Italian however can also have adverbial prefixed elements that is put into the same places as in a Navajo verb, have some worb bases consisting of prefixed elements plus the stem. and an outer subject element denoting “undefined subject”.

    • Nikita Bichitty permalink
      March 13, 2016 11:54 pm

      Actually when the past perfect verb uses the avere auxiliary (I think that’s what it’s called), the ending doesn’t need to agree in gender and number, that only applies when you are using the essere auxiliary. Like “ho mangiato” the ending doesn’t matter but if you were to use “sono andata” (if the speaker is a girl) then the ending does matter. As a native English speaker and enrolled member of the Navajo tribe who took 3 quarters of Italian immersion classes at UCLA, I can say that Navajo is harder to learn than Italian. This is because Navajo is more similar to Asian languages in that it has the same SOV sentence structure, as opposed to the SVO sentence structure of many Latin-based languages, and it is a tonal language. Lastly, there are way more Italian language learning opportunities in the US than there are Navajo language learning opportunities. I could watch an Italian film, enroll in an Italian class, etc. anytime I want. However, for people wanting to learn Navajo, it is not that easy. There aren’t Navajo classes at every university or local college (some but definitely not a lot). Don’t get me wrong, Italian was a doozy but it’s not as hard as Navajo. This was just my personal experience though and in no way does it reflect the Italian/Navajo language-learning audience as a whole.

      • November 25, 2016 2:06 pm

        I was actually only talking about verb phrase structure.

        I only compared Navajo verb structiure with the structure in Italien verb phrases. An Italian verb phrase is more like apolisynthetic verb word than a many-word phrase, even though the prefixes are often written separately.

        Often you have an auxiliary clinging to the main verb.

        The auxiliary will have one part that will be at the same place in the phrase as the mode-prefixes in Navajo and has the same function, namly indicating aspect and tense. (present, past, perfective, imperfective) .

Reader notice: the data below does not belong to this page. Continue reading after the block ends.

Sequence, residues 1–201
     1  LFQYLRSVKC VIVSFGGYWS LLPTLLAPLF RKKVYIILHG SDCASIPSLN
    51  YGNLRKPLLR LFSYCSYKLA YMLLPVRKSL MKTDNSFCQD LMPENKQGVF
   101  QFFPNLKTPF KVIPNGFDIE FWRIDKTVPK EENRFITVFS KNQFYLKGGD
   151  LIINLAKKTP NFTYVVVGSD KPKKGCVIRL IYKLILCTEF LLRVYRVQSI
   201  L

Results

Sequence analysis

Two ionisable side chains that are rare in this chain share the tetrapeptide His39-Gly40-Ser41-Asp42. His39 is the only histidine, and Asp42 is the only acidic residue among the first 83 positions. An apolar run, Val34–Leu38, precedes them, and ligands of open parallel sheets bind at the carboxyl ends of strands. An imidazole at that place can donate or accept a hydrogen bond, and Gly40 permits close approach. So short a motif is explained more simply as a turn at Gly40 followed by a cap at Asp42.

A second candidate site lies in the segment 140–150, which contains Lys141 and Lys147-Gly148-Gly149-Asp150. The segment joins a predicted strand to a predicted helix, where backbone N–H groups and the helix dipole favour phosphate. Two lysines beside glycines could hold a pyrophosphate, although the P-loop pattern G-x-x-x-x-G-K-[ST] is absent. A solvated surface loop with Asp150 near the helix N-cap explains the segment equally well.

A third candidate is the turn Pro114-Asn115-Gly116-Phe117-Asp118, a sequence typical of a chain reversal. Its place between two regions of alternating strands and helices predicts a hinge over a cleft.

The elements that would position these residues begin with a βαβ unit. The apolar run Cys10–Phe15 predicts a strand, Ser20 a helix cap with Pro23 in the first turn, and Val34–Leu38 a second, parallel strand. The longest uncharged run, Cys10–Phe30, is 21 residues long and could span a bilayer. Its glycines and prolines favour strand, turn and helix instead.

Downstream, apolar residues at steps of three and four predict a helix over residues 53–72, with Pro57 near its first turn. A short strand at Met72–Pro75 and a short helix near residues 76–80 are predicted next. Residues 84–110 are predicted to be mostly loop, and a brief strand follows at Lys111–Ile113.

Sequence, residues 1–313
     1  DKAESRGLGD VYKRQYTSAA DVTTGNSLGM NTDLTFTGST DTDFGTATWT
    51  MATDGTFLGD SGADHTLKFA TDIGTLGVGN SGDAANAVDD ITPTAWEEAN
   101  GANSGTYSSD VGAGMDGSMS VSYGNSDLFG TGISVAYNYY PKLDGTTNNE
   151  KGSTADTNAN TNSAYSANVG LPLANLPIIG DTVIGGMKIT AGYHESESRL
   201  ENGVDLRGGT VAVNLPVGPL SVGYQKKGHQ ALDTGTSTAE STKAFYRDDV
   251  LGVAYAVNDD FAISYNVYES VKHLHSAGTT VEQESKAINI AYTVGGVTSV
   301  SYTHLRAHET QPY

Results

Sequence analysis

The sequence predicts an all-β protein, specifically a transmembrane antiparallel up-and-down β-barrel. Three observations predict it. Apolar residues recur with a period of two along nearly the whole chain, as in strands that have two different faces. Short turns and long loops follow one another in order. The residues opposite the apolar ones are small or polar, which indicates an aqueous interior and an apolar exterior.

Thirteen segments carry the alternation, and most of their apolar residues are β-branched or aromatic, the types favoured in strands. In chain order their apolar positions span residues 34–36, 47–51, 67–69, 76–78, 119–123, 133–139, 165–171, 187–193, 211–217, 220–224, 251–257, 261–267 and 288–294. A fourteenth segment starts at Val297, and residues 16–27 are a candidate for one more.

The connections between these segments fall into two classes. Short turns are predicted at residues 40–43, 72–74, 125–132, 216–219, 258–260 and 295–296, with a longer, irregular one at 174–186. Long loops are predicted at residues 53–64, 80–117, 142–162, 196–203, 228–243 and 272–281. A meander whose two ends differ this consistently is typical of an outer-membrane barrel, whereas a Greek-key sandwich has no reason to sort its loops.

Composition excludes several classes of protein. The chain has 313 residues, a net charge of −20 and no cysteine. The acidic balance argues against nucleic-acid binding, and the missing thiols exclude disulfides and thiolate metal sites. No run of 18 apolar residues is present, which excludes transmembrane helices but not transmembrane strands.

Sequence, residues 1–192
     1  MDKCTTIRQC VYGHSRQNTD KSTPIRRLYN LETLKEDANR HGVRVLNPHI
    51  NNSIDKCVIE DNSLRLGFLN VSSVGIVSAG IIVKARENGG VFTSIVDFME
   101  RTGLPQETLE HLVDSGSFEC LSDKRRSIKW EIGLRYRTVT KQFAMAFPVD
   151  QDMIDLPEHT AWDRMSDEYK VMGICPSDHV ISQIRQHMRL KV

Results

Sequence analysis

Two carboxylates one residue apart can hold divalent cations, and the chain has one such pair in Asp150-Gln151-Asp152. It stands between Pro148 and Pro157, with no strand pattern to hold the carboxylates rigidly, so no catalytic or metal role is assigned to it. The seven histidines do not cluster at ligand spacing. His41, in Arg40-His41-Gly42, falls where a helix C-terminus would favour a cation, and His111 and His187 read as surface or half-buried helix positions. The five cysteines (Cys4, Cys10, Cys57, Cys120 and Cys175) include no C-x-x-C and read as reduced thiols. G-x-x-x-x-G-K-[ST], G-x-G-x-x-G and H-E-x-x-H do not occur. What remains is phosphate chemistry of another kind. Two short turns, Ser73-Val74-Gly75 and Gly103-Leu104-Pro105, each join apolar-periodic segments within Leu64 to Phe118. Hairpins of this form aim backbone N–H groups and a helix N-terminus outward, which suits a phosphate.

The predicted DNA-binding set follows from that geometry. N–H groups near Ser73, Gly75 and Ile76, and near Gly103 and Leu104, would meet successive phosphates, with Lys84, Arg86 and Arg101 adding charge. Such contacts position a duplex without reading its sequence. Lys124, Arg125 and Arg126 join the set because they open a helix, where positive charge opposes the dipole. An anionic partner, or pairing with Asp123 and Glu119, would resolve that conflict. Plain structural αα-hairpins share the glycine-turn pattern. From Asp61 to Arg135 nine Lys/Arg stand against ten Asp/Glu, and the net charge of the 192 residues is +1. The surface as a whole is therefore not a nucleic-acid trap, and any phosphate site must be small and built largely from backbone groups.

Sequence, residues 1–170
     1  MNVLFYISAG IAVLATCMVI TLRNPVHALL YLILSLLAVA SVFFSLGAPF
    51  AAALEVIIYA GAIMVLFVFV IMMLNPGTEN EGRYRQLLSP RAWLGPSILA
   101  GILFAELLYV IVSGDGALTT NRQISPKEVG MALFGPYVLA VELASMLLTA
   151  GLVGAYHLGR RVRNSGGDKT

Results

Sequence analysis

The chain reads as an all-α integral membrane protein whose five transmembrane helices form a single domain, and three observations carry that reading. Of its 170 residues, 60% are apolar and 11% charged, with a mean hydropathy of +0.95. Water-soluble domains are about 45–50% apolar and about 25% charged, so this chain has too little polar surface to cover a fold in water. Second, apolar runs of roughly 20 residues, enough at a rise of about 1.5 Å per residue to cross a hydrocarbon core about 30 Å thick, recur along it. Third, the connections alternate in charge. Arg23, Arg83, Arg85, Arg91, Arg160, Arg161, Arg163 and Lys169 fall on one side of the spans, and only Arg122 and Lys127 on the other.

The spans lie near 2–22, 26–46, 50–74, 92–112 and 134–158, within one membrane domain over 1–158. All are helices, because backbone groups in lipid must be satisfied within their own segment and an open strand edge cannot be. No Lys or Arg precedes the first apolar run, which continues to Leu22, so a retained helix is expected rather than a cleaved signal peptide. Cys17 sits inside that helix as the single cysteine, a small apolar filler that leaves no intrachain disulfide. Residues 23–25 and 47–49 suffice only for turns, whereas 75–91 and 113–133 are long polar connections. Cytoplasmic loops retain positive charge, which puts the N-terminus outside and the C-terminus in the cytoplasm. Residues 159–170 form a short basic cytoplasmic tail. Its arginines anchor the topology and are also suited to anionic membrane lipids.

For perfective you uses forms of avere and essere, for imperfective/progressive you use stare.

        The other part is the personal and number element that figure at the same place in the phrase as the inner subject prefixes.

        Often however these two parts are fused to one element, but that happens also in the Navajo verbs, as I understand.

        The main verb will in these cases be in a form that functions as a imperfective or perfective stem.

        (NB: These things are called with other terms in Italian grammers)

        In around half of the combination of tenses and aspects you will use endings instead of auxiliaries, though, and in these cases this part is not so Navajo-like.

        Before that structure you can have enclitic pronouns, adverbs and thematic elements much in the same posistion as in a navajo verb.

        Interestingly, Italien also have an outer subject prefix, denouting indefinite animate subject at exactly the same place as in a Navajo verb, “si/se”.

        “si/se” can also be a relfexive object element, but then it comes more to left, also like in a Navajo verb.

        The prefix/enclitic complex is not so complex as in Navajo, but if you decribe it with a template, you will still need around 14 positions,

        But Italian has more difficult object enclitics than Navajo. Navajo has much more problems with the choice of right verb stem form and has much more adverbial and thematic elements.

        The adverbial / thematic elements in Italian are the prticles ci, vi, ne, sometimes the pronoun la is used this way, and often also a reflexive pronoun is used this way.

        Navajo has something called classifier just before the stem. Italian can also have prefixes at that oart rgat may be valence altering like the clasifiers, or denote direction. It has a root and it can have endings giving the same complexity like a Navajo verb, but it is easier to use, though.

        The similarity in structure is hided for learners because similar things get different names, and because Italien verb phrases are mostly not described with templates. This hides the fact that Italian is quite strange compared to other European languiages, and hide the fact that Navajo is not so stranage and diffficult compared to European languages as often told.